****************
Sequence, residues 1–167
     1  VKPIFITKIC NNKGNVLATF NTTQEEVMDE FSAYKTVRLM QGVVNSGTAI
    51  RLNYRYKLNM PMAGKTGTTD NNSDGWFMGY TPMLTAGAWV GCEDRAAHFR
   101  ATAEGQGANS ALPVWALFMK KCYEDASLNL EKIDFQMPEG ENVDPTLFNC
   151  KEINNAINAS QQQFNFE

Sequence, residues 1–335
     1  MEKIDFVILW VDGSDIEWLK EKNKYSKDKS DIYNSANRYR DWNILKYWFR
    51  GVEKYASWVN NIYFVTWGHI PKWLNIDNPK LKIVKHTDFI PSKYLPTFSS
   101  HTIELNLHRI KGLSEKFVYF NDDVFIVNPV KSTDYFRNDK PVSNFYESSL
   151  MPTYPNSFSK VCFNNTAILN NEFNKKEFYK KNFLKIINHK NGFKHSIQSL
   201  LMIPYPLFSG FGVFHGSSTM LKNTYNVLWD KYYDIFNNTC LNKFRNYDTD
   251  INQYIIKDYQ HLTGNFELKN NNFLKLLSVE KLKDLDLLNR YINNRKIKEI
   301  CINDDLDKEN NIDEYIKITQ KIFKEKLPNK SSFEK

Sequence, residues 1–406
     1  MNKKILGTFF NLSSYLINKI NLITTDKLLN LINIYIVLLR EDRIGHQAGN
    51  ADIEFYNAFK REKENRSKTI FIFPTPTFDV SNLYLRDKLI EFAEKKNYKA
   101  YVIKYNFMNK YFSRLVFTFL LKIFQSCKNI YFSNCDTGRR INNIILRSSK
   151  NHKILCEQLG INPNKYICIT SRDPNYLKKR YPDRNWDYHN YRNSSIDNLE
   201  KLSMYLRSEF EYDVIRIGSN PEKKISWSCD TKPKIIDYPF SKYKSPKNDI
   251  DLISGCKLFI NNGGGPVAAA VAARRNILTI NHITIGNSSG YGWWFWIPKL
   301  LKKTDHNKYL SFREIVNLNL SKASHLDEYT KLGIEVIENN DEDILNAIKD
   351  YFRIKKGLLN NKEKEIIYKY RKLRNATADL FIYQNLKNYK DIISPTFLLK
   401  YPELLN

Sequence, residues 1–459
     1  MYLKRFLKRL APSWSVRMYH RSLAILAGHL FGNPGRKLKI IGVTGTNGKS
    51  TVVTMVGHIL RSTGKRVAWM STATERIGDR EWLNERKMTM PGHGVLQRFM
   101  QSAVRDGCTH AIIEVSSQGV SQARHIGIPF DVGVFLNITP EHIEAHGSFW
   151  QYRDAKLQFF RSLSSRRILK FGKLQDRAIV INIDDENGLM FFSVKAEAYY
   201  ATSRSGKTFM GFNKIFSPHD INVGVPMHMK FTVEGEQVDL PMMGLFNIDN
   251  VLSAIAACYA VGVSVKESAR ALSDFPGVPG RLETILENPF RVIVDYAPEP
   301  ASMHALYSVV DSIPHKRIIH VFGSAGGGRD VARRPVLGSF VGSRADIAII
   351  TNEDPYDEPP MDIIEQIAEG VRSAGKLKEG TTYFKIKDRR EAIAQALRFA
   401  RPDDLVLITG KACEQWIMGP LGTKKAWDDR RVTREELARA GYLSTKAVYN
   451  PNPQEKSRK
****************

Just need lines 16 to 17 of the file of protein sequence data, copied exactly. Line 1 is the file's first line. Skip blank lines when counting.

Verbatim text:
    51  ADIEFYNAFK REKENRSKTI FIFPTPTFDV SNLYLRDKLI EFAEKKNYKA
   101  YVIKYNFMNK YFSRLVFTFL LKIFQSCKNI YFSNCDTGRR INNIILRSSK